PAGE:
IFRAME elements within Windows Store apps using JavaScript and not within WebView controls can’t navigate to HTTP web sites. An IFRAME can navigate only to packaged content or HTTPS URIs listed in the ApplicationContentURI rules. WebView can support HTTP, but not the following:

  • Geoloc
  • Programmatic Clipboard
  • AppCache
  • IndexedDB

Move from windowed WebView control to windowless

In Windows 8.1, the WebView control in Windows Store apps using XAML and Windows Store apps using JavaScript are windowless and participate in the z-order for apps. The app bar and pop-ups can appear over the top of the WebView control. Apps that used WebViewBrush to work around this limitation should remove that workaround.

This change affects Windows Store apps using XAML in Windows 8.1, and Windows Store apps using JavaScript that use the new WebView control. Windows 8 apps are unaffected, and the existing windowed mode is used.

Deprecated WinJS APIs

The following WinJS.UI elements are deprecated.

API element Replace with
SettingsFlyout.width property {win-wide} Replaced by the new window size model.
ListLayout.backdropColor property .win-backdrop {background-color:<value>;}
ListLayout.disableBackdrop property .win-backdrop {background-color:transparent;}
GridLayout.backdropColor property .win-backdrop {background-color: <color>;}
GridLayout.disableBackdrop property .win-backdrop {background-color:transparent;}
GridLayout.maxRows property

You can control the height to get the maximum number of rows for your layout in CSS, like {height: 200px;}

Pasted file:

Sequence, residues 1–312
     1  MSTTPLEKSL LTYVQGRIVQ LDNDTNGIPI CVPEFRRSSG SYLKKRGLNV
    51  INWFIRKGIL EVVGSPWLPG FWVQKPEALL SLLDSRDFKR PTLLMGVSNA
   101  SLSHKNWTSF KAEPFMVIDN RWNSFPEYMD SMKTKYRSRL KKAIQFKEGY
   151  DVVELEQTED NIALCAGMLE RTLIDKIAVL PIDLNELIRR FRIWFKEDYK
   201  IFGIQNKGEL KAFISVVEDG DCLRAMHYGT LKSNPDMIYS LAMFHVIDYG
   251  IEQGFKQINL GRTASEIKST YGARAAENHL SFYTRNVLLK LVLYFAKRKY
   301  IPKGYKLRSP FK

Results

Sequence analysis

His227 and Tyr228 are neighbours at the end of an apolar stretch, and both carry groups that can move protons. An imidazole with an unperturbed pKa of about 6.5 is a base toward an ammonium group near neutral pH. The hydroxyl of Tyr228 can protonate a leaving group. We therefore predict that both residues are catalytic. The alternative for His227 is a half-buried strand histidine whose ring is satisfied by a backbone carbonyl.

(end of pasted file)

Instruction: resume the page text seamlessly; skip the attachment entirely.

GridLayout.groupInfo property CellspanningLayout.groupInfo property
GridLayout.itemInfo property CellspanningLayout.itemInfo property
ListView.loadingBehavior property Use a design pattern.
ListView.automaticallyLoadPages property Use a design pattern.
ListView.loadMorePages method Use a design pattern.
ListView.pagesToLoad property Use a design pattern.
ListView.pagesToLoadThreshold property Use a design pattern.


WebView.ScriptNotify event

In Windows 8, the WebView.AllowedScriptNotifyUris and WebView.AnyScriptNotifyUri properties cause the WebView.AllowedScriptNotifyUris and WebView.AnyScriptNotifyUri properties cause the ScriptNotify event to fire. Because these properties are deprecated in Windows 8.1, the ScriptNotify event can’t be inspected during app on-boarding and allows an app to easily put the real work of their app on the web instead of in their app package. Instead, check the package’s ApplicationContentUriRules from the manifest. During app on-boarding, the app can inspect the manifest, which can’t be modified at run time.

Window size model

We’ve added a new window size model in Windows 8.1 to support richer multitasking scenarios. The concept of discrete view states is removed and the snapped state is no longer required. Instead, apps can be sized continuously to any size down to their minimum size. An app can either have a minimum width of 500px or 320px. By default, the minimum size of an app is 500px.

The Windows 8 ApplicationView.Value property and ApplicationView.TryUnsnap method are deprecated, so you will receive warnings if your app uses them. An app should register for the window resize event to know when to update the layout. However, instead of calling ApplicationView.Value to find out which view state the app is in, the app developer should apply media queries for window size directly to make layout decisions. In Windows 8.1, it is up to the app designer to decide what window size thresholds and media queries the app makes to update the app layout.